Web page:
If you want to be mayor in small-town Tuscany, you better stick to the status quo and, more importantly, you better not have a foreign-born wife.
It may not have been as closely covered as the 2016 U.S. presidential race, but Manciano’s recent mayoral elections were passionately contested. In the weeks leading up to the vote, it was all anyone in this southern Tuscan town could talk about. If, by anyone, you mean anyone who has an active interest in politics (which, if the polling numbers are anything to go by, was only 69 percent of eligible voters).
As a matter of full disclosure, this writer’s husband was in the running, and he lost, spectacularly. It sounds cruel, but you can’t mollycoddle someone who lost by more than 900 votes in an election where only 4,000 people voted.
The defeat, as they say, was written in the stars. A few days before the vote, I was taken aside by my mother-in-law and told that I should change before going to the supermarket. I looked down at my cotton shorts and singlet. In my native Australia, it is perfectly acceptable to do your shopping in slippers and sweatpants. I didn’t understand.
“Your shorts are too short, my dear,” admonished Mother-in-Law. “You really should be more considerate. You know how people are.”
I was stunned. Was she implying that people wouldn’t vote for my husband because I wore shorts in public? Yes, she was. But to imply that it was just the shorts would be to live in wilful denial. It’s hard to make inroads in a community when it is a commonly held belief that your husband did his town a disservice by marrying a foreigner. “What, weren’t the local girls good enough for you?”
While the opposition’s wife was personally calling everyone in the phonebook to vote for her husband, I was rubbing my foreignness into people’s faces with my dress sense and Facebook posts about sushi. Admonished, I made a real effort to be seen, shake hands, talk to people whose names I couldn’t remember and compliment all the babies I could find. It was so out of character that I took the subsequent triple-digit defeat as a personal slight. I had tried to be Manciano’s friend, however superficially, and she had rejected me. But I refuse to go quietly into the night.
I want to make one thing very clear: my husband was delusional from the start. Giulio has a very turbid political history that included single-handedly bringing down his own party and jumping ship from right to left-leaning politics in a thinly veiled power grab. People on both sides would have voted for a goat before they voted for him.
But the problem was far more ingrained than political betrayals and foreign wives. If you have never lived in a small town you cannot possibly understand the importance of the status quo. In the weeks leading up to the election, Giulio was a man crazed. He preached liberal and wide-spanning reforms, enthusiastically spammed Facebook Live with his endless town hall meetings, went on television to berate the opposition for not agreeing to a debate and garnered endorsements from every regional minister he could get his hands on. Imagine Matteo Renzi on speed. Shirt-sleeves rolled just so, hair perfectly coiffed, sock-less loafers and a speaking style that was part Baptist minister, part Mussolini returned among the living.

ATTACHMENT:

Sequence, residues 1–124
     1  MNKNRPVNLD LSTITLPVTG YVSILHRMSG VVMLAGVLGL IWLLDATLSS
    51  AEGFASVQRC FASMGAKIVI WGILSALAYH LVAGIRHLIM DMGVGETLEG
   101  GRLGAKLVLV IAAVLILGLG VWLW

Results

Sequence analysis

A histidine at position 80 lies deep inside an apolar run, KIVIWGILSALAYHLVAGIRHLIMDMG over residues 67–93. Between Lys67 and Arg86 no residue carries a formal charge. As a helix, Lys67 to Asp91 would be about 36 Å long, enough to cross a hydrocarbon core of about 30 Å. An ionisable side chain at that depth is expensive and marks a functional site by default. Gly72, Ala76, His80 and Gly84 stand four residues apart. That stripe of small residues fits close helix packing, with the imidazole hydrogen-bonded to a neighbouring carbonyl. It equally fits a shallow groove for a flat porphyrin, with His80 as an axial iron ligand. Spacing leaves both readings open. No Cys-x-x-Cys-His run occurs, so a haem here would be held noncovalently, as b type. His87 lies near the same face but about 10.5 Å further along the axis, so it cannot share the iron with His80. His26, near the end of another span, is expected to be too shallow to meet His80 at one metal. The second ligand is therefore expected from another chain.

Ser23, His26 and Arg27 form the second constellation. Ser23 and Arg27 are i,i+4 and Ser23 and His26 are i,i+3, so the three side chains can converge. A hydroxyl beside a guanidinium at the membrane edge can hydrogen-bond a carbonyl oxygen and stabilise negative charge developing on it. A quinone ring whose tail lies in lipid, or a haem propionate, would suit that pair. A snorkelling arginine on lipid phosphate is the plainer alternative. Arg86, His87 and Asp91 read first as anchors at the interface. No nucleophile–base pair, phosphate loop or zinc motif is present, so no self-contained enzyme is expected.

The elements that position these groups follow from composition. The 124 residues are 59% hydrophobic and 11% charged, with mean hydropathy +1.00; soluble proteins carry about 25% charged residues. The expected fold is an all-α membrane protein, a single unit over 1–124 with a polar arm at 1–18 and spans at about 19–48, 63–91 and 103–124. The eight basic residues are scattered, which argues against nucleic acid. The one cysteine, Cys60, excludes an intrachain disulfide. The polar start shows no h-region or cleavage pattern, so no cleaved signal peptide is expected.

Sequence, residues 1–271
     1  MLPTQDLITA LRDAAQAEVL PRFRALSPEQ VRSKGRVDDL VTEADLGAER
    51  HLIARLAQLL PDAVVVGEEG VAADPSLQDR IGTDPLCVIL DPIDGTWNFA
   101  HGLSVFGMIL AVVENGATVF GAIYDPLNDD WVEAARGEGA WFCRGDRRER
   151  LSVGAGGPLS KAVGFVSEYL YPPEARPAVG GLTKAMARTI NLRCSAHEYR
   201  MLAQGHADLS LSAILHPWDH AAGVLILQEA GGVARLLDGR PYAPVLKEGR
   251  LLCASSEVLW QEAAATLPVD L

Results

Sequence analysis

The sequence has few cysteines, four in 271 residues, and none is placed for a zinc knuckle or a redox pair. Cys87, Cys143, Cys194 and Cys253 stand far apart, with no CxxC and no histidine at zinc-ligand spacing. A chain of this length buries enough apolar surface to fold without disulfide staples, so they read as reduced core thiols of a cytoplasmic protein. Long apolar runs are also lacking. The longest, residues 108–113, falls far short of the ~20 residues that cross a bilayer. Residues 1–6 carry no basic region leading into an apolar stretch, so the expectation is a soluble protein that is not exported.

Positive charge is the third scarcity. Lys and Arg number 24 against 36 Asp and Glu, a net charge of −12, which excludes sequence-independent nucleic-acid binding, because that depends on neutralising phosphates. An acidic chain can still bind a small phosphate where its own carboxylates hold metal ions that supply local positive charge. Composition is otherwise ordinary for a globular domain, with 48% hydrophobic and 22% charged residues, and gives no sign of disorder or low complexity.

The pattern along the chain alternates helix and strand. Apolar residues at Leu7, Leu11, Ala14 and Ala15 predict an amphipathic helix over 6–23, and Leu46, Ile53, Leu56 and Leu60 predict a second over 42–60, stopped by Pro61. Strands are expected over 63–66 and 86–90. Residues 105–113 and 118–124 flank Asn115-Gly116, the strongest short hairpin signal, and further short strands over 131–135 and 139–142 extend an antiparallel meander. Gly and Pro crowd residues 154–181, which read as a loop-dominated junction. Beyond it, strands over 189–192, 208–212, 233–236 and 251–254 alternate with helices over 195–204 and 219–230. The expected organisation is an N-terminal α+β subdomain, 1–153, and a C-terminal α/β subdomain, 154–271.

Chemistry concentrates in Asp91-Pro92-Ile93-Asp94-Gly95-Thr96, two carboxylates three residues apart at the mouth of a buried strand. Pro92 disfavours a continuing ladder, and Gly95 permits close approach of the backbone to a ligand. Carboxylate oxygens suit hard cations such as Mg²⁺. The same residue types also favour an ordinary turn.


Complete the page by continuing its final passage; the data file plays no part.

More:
Bespectacled and balding, the opposition candidate didn’t need to tell you he was an accountant. It was implied. He shunned all media interviews and made only the rarest public appearance. Instead, he stopped people on the street and asked them if they had nothing better to do, would they perhaps consider voting for him? It didn’t matter if he knew them or not and he didn’t tell them why he would be a good mayor; he just asked politely. Asked politely and promised a whole lot of things he couldn’t possibly deliver.
As if to validate every stereotype you have ever heard about small-town politics, Manciano runs on the implicit understanding that if you want my vote, you better promise me something. It might be a job for my daughter, or the green light to build an extension, or the acknowledgement you will look the other way while I fill the public car park with the broken-down wrecks I’m using for spare parts.
Giulio understood this. He simply refused to play along—and Manciano refused to vote for him. They didn’t want a man who promised far-reaching changes that would in the distant future possibly, maybe, hopefully improve the lives of the collective. They wanted something for themselves now—and they wanted the right to complain when the mayor inevitably failed to deliver on the things he had whispered across dining room tables and behind cupped hands in public piazzas.
Giulio deserves no applause for taking the high road. He was the foreign missionary arriving in Africa and forcing the locals to do what he believed was more civilised. Except in this case, it was a local acting with foreign delusions. What can I say? That’s what you get for marrying a foreigner.